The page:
Before leaving England, we had thought briefly about what we could do in South Africa and decided that, if there was nothing else to do, we'd just get on a bus and spend the day at Sun City. Sun City is internationally known as the country's main holiday resort, with casinos, hotels, theme parks, and anything else a tourist with a bit of money burning a hole in their pocket could possibly want. Those who like to cast a suspicious eye over these sorts of places choose to call it simply "Sin City". Originally built back in the late seventies by one of the countries biggest hotel magnates, Sun City is situated two hours drive from Johannesburg in what was once the independant state of Bothuthatswana. Well, I say "independant state" - in fact, Bothuthatswana was one of a number of regions which the old apartheid government of South Africa had created and named "black african homelands" in order to segregate black inhabitants of the country from the rest of the population. As a result, Bothuthatswana was not expected to abide by the same rules that applied to the rest of South Africa and was free to open up casinos and strip clubs which would've been banned elsewhere. Naturally, Sun City became to South Africa what Las Vegas is to the United States - a place to go where you can have altogether too much fun while sticking your tongue out at the rest of the country.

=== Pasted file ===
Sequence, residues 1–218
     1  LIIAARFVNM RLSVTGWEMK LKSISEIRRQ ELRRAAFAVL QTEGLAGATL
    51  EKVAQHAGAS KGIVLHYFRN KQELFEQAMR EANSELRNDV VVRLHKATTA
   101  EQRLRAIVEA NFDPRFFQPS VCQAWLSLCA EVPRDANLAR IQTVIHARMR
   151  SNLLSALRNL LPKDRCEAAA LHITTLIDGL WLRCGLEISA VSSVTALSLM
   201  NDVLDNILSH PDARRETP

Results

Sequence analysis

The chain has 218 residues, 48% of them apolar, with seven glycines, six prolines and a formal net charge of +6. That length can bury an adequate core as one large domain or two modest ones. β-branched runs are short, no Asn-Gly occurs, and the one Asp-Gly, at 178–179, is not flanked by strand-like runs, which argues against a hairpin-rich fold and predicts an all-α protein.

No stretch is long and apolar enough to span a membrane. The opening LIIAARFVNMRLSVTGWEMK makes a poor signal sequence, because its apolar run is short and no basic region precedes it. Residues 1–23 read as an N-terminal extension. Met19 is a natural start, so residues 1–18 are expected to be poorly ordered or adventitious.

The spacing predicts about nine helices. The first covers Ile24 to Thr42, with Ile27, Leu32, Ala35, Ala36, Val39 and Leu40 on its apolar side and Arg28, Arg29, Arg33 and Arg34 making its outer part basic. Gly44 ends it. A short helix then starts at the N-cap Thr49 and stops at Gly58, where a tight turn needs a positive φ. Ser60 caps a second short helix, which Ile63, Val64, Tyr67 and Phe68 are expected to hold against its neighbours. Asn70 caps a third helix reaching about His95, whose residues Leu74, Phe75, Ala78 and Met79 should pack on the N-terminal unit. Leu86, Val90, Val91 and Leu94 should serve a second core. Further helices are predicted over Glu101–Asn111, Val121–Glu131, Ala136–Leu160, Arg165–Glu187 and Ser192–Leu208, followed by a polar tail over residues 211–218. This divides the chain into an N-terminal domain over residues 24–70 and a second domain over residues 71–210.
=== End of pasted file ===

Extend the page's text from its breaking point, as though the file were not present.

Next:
Of course, Sun City is now a popular tourist destination in post-apartheid South Africa and boasts hotel resorts, theme parks, golf courses, casinos and six thousand seat venues for sporting events and concerts by international artists. We never did get to find out if the reputation of the place was deserved, because there were no scheduled buses to the complex and the only response we could get from any of the tour companies we phoned was "Sorry, all booked up. Please call again." - so even our plan B turned out to be a non starter. However, one of the companies we phoned had obviously staffed its phones with people who understood the concept of customer service, and the kind lady on the other end suggested that we might like to go on a morning trip to another nearby Theme Park called "Gold Reef City" because she had a tour available with plenty of seats and could arrange to have us picked up immediately. For about two seconds, we wondered whether the fact that this was the only tour with any seats available was any sort of indication of just how awful it was likely to be, but then we thought about our growing phone bill trying to find anything at all to do and decided to grab it. At the time of our trip, Gold Reef City came across as an old Mining community where visitors were invited to take a trip down the mine, watch gold being refined, and wander the streets of the old mining village. To say that the place has changed since would be an understatement - a quick look at the website shows that this small community style guided tour has become a massive Disney style complex with roller coasters, flumes, casinos, hotels, nightclubs, and anything else you can imagine. They certainly know where the money is. In fact, I had to look at the website several times and do quite a bit of exploring online before I was even certain that I was looking at the same place - the only thing which reminds me of the tour we took was the gold pouring display in the "town square", but more of that in a moment.